In or around 1905, Samuel P. Colt purchased and consolidated the Chase, Church and Van Wickle farms. He built a summer house ("The Casino") on the grounds, as well as a stone barn to accommodate a prize herd of Jersey cattle. The marble gates of the main entrance, modeled after the approach to the Petit Trianon at Versailles and unveiled in 1913, bear an inscription: "Colt Farm, Private Property, Public Welcome".
Colt died in 1921, and the lands passed to his Industrial Trust Company. According to the previsions of Colt's will, the farm remained open to the public. Over time, the grounds suffered from vandalism, and a number of statues were destroyed, stolen, or relocated for safe keeping.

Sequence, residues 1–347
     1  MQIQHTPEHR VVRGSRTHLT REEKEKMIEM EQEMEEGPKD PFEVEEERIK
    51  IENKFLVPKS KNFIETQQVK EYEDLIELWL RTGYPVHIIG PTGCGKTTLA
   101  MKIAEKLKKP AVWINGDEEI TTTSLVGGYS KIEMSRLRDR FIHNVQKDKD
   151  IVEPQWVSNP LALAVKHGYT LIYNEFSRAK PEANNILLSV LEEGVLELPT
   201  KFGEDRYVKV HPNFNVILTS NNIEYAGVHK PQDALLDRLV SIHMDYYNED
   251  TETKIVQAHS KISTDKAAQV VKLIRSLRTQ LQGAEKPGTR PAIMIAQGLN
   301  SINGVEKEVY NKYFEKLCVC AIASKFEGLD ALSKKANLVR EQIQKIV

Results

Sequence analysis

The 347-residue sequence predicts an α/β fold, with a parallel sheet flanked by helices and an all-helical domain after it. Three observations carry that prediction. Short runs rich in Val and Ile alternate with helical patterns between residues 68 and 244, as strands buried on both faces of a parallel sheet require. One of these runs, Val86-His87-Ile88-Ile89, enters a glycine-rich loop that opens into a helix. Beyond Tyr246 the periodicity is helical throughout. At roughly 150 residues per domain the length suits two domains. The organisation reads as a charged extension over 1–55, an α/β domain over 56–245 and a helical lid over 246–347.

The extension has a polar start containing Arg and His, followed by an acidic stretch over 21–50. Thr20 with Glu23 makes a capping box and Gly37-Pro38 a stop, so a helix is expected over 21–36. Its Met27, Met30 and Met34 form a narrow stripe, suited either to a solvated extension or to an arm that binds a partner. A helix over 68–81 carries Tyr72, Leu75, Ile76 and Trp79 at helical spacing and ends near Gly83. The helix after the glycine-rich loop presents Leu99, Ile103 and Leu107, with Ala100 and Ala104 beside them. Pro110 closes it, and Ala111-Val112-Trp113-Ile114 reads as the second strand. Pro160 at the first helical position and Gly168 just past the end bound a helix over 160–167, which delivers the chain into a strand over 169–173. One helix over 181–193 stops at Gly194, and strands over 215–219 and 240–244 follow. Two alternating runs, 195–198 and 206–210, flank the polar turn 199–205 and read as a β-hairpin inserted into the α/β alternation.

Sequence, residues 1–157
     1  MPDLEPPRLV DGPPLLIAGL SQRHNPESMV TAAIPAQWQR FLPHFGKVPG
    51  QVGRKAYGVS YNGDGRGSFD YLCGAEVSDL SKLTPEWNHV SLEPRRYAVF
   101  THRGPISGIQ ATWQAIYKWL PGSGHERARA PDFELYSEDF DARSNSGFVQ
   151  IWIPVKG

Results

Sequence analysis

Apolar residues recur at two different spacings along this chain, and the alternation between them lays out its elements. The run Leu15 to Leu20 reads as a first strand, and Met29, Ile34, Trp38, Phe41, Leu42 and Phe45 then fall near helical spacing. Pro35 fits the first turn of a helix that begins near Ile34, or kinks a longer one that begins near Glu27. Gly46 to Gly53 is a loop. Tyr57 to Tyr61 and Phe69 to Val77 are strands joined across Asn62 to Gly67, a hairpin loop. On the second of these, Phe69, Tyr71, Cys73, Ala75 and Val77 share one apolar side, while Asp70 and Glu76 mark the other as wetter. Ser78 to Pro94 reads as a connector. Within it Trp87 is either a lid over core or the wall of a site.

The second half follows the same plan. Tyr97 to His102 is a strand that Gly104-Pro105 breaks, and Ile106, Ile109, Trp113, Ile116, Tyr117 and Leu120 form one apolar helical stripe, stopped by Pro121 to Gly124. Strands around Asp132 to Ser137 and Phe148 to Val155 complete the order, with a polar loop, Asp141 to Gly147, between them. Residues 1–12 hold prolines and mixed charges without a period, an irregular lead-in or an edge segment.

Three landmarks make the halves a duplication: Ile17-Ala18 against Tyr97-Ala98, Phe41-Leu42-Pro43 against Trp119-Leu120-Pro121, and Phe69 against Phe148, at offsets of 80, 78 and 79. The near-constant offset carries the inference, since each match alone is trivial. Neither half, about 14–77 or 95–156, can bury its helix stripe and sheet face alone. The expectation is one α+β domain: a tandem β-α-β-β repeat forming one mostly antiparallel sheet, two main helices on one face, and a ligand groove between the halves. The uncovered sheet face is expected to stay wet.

In 1965, the State of Rhode Island purchased Colt Farm, and on August 21, 1968, the lands were dedicated as Colt State Park by Rhode Island Governor John Chafee. A statue of Chafee now stands in the park.